Remembering Mike Thompson

The Thomas Jefferson Institute has lost its Founder.

Mike Thompson, Founder, Chairman and Past President of the Thomas Jefferson Institute, passed away at Johns Hopkins the evening of September 7, surrounded by those he always knew were the most important people in his life — his family.

Mike was diagnosed with leukemia in October, 2018 and underwent a variety of treatments including a bone marrow transplant. Ironically, at his death, there were no longer any cancer cells in his bloodstream. But complications took their toll.

A visitation will be held from 2:00 pm to 4:00 pm and from 6:00 pm to 8:00 pm on Thursday, September 19th at the Fairfax Memorial Funeral Home, and the memorial service and reception will be held at 3:00 pm on Friday, September 20 at St. Andrews Episcopal Church. In lieu of flowers, donations can be made in Mike’s name to the Leukemia and Lymphoma Society.

Mike Thompson got his start in youth politics, as a leader in the “Youth for Goldwater” movement, later joining the National Board of Young Americans for Freedom and leading the Student Committee for Victory in Vietnam. A passion for youth involvement continued throughout his life, especially as vice chairman of The Fund for American Studies which teaches the principles of limited government and free-market economics to students and young professionals in America and, indeed, throughout the world.

Nothing thrilled Mike more than to see a high school or college student actively engaged in conservative politics and advocacy.

To him, it was the hope of a better future.

Mike started and built his own company — the Thompson Creative Marketing Group — which helped advance the conservative cause by marketing ideas and candidates throughout the country. His vocation echoed his leadership in the Virginia Republican Party, and he was named by Campaigns and Elections magazine as one of the 30 most influential Republicans in Virginia.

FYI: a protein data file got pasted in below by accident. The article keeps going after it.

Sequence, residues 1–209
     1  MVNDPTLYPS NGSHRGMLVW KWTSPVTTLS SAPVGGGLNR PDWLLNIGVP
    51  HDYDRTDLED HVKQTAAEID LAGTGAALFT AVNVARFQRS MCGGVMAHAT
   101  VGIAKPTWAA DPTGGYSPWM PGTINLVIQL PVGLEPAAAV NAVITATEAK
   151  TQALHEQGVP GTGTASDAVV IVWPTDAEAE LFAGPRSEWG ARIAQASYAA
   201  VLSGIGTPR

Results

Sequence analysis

His advocacy of the free market system also found him as chairman of the Virginia Leadership Council, the state’s Board of Directors for the National Federation of Independent Business (NFIB), the nation’s largest small business organization.

Active in his community, service on several Fairfax County commissions and task forces, and a three-time president of the Springfield District Council (an organization representing over 200 homeowner associations), the man was tireless – as anyone who received his emails time-stampled at two o’clock in the morning already knows.

Most men, when they retire …. retire. Instead, Mike launched the Thomas Jefferson Institute for Public Policy, where he continued the battle to make a difference by developing Virginia-oriented public policy solutions based on free markets, limited government and individual responsibility.

The breadth of Mike Thompson’s ideas and interests was stunning. The lives he touched and inspired are countless. And the stories he could tell were without limit.

Mike is survived by his wife Katherine, daughter Liza Graves, son Michael Junior, and five grandchildren.

All of us at the Thomas Jefferson Institute are profoundly saddened at the passing of our friend and Founder, Michael W. Thompson.

But we take comfort in remembering the words of Walter Lippman: “The final test of a leader is that he leaves behind him in other men the conviction and the will to carry on.”

From Youth for Goldwater to the Thomas Jefferson Institute, Mike Thompson left hundreds, if not thousands, with those same convictions and the same will to carry on.

May he Rest In Peace.

This entry was posted in Appreciation. Bookmark the permalink.

One Response to Remembering Mike Thompson

  1. Robert Calhoun says:

    Virginia has lost a great leader and I have lost someone who I regarded as good friend. Mike and I did not always agree on issues but his his intelligent and thoughtful approach to a subject had a considerable impact on shaping my own views. Most importantly in an age when politics has gotten so mean and partisan, Mike should be much remembered for being pleasant and good natured even with those he most strongly disagreed with. His leadership will be much missd

Comments are closed.